8 Tax Breaks That Homeowners Shouldn't Miss
Time to dig up your documentation to itemize the expenditures we've outlined from the US tax code.
This is the big one. Every year, Americans recover $100 million from the IRS in the mortgage interest deductions filed on their tax returns. Property owners who took the plunge within the last few years are the biggest beneficiaries. It's specifically the interest on the mortgage loan that's deductible, and, in the early years of a typical amortization loan (one with scheduled interest and principal payments), the heft of the monthly mortgage payment is dedicated to paying off interest. Unless the size of your home loan exceeds $1 million, all of that interest is deductible.
Private Mortgage Insurance
Homeowners who have less than 20% equity in their mortgage loan or refinance loan must typically pay for a private mortgage insurance (PMI) policy that protects lenders in the event of a default. Bundled into monthly payments, PMI premiums became tax deductible as part of the Tax Relief and Health Care Act of 2006 and applied to policies issued beginning in 2007. The deduction remains in effect for any PMI premiums on new mortgages taken out through 2013 and is slated to expire thereafter unless an extension is granted by Congress.
Lenders may charge borrowers "points," or percentage-based fees, when originating home loans in exchange for lower interest rates. Each point equals 1% of the entire amount of the loan, so a 1% fee on a $100,000 loan would collect $1,000 from the buyer. Fortunately, come filing time, taxpayers can deduct the entirety of the points they paid that year. Homeowners who paid points to refinance their mortgages or take out a home equity loan or line of credit are also eligible for the deduction; it would be expressed as an amortization over the life of the loan.
Real Estate Taxes
As long as that deed is yours, a guaranteed exemption is granted for the tax you paid by nature of owning it. At first blush, a tax deduction on a tax may seem a bit oxymoronic, but it's designed to keep income tax from being spent on property tax.
Most homeowners don't write a separate check to a tax authority. Instead, they have real estate taxes packaged in escrow as part of the monthly mortgage payment to their lender. The only property tax that is deductible is the amount the lender actually paid to municipalities over the year from escrow and doesn't include government fees already included in the property tax bill. New homeowners can deduct the full share of property taxes paid upfront at closing. That figure is listed on the settlement statement.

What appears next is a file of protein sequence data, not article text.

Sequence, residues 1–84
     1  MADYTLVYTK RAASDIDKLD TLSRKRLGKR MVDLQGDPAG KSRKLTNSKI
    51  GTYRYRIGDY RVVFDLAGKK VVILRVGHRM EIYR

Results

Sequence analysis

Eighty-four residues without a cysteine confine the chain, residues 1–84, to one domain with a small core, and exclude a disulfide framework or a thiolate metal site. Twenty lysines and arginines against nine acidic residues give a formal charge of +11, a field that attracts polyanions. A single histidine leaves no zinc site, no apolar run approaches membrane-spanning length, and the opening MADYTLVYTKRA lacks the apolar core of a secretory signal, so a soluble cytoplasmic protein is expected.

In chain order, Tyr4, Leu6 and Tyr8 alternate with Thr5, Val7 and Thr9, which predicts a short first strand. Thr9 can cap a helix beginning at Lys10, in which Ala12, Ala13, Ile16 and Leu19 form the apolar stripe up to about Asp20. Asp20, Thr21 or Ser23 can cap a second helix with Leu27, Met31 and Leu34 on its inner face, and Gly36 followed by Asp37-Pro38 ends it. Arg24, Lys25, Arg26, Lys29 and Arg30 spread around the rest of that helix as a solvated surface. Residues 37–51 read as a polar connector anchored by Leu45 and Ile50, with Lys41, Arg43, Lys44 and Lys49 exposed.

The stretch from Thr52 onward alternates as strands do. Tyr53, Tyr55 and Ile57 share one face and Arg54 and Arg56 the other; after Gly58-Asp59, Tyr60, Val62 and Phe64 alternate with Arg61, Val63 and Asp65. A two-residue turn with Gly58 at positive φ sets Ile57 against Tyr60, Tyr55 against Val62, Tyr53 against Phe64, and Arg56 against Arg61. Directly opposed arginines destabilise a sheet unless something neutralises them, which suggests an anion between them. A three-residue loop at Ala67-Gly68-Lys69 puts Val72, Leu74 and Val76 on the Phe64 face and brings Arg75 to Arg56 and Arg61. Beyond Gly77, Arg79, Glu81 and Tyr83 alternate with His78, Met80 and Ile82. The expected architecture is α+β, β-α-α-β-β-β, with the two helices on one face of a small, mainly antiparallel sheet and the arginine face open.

Another get-it-while-it's-hot exemption comes to homeowners in the form of energy-efficient property improvements. A full 10% of the cost of qualified windows, doors, roofing, and insulation can be claimed, up to a lifetime limit of $500. Originally set to expire at the end of 2011, a recent law kept this credit active through 2013.
Homeowners still have two more years (through 2016) to take advantage of a 30% credit for installing alternative-energy equipment such as solar hot-water heaters, solar electric equipment, and wind turbines, and the deductions on these improvements don't max out. The IRS guidelines further explain that if your credit is more than the tax you owe, you can carry forward the unused portion of this credit to next year's tax return.
Profit on Sale
Easily one of the most lucrative deductions for Americans selling their homes -- to the tune of $45.8 billion in 2014 alone -- is the growing exemption from homeowners paying capital gains tax on the sale. Turning a profit of $250,000 as an individual or $500,000 as a couple falls within the tax-free limit as long as the property has been the owner's primary residence for at least two years before the sale. And that profit can be used any way a homeowner pleases; it needn't be reinvested in another mortgage.
If surplus on a home sale exceeds the $250,000/$500,000 deduction restriction, sellers can still chip away at the profit by itemizing the costs incurred in selling the home. Marketing and realtor fees, closing fees, repairs, and capital improvements can all be deducted to raise the cost basis and thus lower the taxable profit.
Canceled Debt Forgiveness
Homeowners thrust into foreclosure or a short sale before the end of 2013 are the last to take advantage of a bittersweet tax break that offers relief from counting the canceled debt on a principal residence as taxable income. Begat by the housing crisis, the Mortgage Forgiveness Debt Relief Act of 2007 allowed taxpayers to exclude up to $2 million ($1 million if married but filing separately) of forgiven debt and was originally set to expire in 2009. The obvious need for this tax break well past the deadline convinced Congress to stretch the act through last year, though some argue it should be renewed indefinitely until the housing market has made a full recovery.
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